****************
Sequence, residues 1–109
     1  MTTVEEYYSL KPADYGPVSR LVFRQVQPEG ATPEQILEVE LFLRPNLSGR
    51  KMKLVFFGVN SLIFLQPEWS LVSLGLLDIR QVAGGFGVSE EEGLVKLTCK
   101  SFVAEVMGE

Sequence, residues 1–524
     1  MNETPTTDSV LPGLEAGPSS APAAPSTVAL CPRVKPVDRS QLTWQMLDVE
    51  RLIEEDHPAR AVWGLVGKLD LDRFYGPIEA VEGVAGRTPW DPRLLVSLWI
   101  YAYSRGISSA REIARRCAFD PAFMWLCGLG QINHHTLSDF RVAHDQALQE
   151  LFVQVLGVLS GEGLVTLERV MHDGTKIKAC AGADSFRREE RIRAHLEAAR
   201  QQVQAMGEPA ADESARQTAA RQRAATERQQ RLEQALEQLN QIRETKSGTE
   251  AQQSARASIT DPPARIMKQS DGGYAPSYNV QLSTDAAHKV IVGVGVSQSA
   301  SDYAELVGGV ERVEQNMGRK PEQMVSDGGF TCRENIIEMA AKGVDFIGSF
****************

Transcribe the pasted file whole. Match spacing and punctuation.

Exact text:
Sequence, residues 1–109
     1  MTTVEEYYSL KPADYGPVSR LVFRQVQPEG ATPEQILEVE LFLRPNLSGR
    51  KMKLVFFGVN SLIFLQPEWS LVSLGLLDIR QVAGGFGVSE EEGLVKLTCK
   101  SFVAEVMGE

Sequence, residues 1–524
     1  MNETPTTDSV LPGLEAGPSS APAAPSTVAL CPRVKPVDRS QLTWQMLDVE
    51  RLIEEDHPAR AVWGLVGKLD LDRFYGPIEA VEGVAGRTPW DPRLLVSLWI
   101  YAYSRGISSA REIARRCAFD PAFMWLCGLG QINHHTLSDF RVAHDQALQE
   151  LFVQVLGVLS GEGLVTLERV MHDGTKIKAC AGADSFRREE RIRAHLEAAR
   201  QQVQAMGEPA ADESARQTAA RQRAATERQQ RLEQALEQLN QIRETKSGTE
   251  AQQSARASIT DPPARIMKQS DGGYAPSYNV QLSTDAAHKV IVGVGVSQSA
   301  SDYAELVGGV ERVEQNMGRK PEQMVSDGGF TCRENIIEMA AKGVDFIGSF